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**ME 302 DYNAMICS OF MACHINERY**

Dynamics of Reciprocating Engines Dr. Sadettin KAPUCU © 2007 Sadettin Kapucu

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**Dynamics of Reciprocating Engine**

This chapter studies the dynamics of a slider crank mechanisms in an analytical way. This is an example for the analytical approach of solution instead of the graphical accelerations and force analyses. The gas equations and models for combustion is not a concern of this chapter. intake compression power exhaust Crank angle Pressure

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**Dynamics of Reciprocating Engine**

Loop closure equation can be:

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**Dynamics of Reciprocating Engine**

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**Dynamics of Reciprocating Engine**

Dynamic analysis of reciprocating engines was done in late 1800’s and by that time extensive calculations had to be avoided. So there are many approximations in the analysis to simplify the arithmetic. In above equation square root term can be replaced by simplest expression. Taylor series expansion of square root term, first two term included is as follows: Squaring is also an arithmetically difficult process:

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**Dynamics of Reciprocating Engine**

Dynamic analysis of reciprocating engines was done in late 1800’s and by that time extensive calculations had to be avoided. So there are many approximations in the analysis to simplify the arithmetic. In above equation square root term can be replaced by simplest expression. Taylor series expansion of square root term, first two term included is as follows: Squaring is also an arithmetically difficult process:

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**Dynamics of Reciprocating Engine**

This equation defines the displacement of the slider. Velocity and acceleration expressions are by successive differentiation of this equation with respect to time. If we assume that the angular velocity of the crank is constant then velocity and acceleration of the slider become:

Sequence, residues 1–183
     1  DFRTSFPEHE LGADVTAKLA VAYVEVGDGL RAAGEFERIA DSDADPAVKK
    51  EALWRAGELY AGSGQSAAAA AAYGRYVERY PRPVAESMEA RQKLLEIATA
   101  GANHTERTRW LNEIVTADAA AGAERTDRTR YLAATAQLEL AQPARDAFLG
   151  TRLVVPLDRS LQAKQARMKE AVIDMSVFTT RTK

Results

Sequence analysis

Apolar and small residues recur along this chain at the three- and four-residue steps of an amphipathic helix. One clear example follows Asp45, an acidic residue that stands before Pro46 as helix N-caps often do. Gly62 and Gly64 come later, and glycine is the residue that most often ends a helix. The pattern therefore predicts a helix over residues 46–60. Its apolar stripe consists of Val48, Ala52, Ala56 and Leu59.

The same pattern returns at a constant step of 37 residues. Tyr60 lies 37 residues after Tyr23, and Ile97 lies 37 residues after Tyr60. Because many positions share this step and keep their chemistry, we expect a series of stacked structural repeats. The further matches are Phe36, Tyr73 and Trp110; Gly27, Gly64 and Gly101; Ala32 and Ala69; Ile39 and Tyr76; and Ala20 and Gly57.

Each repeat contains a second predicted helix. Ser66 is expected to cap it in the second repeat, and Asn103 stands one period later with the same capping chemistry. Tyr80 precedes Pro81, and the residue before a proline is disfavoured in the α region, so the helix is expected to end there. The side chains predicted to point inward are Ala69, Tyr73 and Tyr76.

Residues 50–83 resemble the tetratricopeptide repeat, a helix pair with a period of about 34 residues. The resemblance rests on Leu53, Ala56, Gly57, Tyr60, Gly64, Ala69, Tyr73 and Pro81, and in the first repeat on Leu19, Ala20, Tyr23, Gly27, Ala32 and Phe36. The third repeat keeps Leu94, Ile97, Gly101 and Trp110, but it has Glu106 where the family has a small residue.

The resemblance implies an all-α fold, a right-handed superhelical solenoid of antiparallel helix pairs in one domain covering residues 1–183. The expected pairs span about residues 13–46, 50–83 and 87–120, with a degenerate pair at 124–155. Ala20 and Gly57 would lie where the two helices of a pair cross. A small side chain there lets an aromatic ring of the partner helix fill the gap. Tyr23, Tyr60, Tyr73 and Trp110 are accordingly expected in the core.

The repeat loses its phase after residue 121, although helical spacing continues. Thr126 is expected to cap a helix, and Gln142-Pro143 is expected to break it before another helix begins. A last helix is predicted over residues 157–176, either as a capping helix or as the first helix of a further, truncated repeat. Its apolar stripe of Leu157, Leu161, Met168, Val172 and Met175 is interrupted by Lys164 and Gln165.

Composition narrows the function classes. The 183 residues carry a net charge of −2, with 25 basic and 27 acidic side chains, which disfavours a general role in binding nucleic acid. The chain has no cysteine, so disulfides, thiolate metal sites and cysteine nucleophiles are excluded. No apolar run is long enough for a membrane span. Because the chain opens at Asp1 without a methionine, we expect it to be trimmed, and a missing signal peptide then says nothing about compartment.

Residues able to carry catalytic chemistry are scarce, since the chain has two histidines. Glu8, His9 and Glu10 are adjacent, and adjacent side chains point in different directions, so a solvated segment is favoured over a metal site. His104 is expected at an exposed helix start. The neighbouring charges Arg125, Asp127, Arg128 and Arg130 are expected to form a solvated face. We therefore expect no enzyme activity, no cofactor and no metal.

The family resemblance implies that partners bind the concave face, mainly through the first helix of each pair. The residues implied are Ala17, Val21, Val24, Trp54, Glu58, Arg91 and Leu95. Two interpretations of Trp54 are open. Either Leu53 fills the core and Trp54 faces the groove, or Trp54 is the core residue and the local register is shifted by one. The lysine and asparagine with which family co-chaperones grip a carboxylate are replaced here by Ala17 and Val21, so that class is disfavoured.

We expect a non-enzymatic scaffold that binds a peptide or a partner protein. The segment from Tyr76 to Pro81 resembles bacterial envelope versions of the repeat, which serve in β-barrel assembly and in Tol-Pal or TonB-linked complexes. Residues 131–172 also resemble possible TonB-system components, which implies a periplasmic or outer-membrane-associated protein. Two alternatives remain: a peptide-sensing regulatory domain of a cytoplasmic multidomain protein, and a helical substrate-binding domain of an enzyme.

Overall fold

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**Dynamics of Reciprocating Engine**

In dynamic force analysis, we put inertia and external forces on top of existing mechanism and then solve statically. Under the action of external and inertia forces, too many forces exist on the mechanism hence we use superposition Gas force: Assume only gas force exists on the mechanism and calculate the torque on the crank by the gas force. Forces related with gas force will be denoted by a single prime.

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Gas Force ‘ F’23 F’32 F’43 F’12 F’34 F’34 F’14 f P F’14

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Gas Force ‘ F’34 F’14 f P F’12 F’14

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Gas Force ‘ F’34 F’14 f P F’12 F’14

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Gas Force ‘

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Inertia Forces’’ To obtain acceleration of third link in algebraic expression is a laborious task. After finding acceleration of the third link and putting the inertia force on center of mass of third link, doing force analysis is also laborious. To further simplify the problem, an equivalent mass approach can be used. In equivalent mass system problem, we generate a model which has two point masses rather than one.

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**Inertia Forces’’ Equivalent masses**

In equivalent mass system problem, we generate a model which has two point masses rather than one. One of the masses will be at point C. The other is at P. The mass of the model and mass of the actual link should be equal. Mass center of the model and mass center of the actual link should be at the same place. Mass moment of inertia of the model and the actual link should be same.

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**Inertia Forces’’ Equivalent masses**

at that point second mass should be located. It is also known as centre of percussion. Centre of percussion is at point where there is no inertia moment. Only an inertia force exists. In a connecting rod, where mass centre is nearer to point B and distance between mass centre and point B is very little. P, the centre of percussion is somewhere in between centre of mass and B. So, P is nearly coinciding with point B.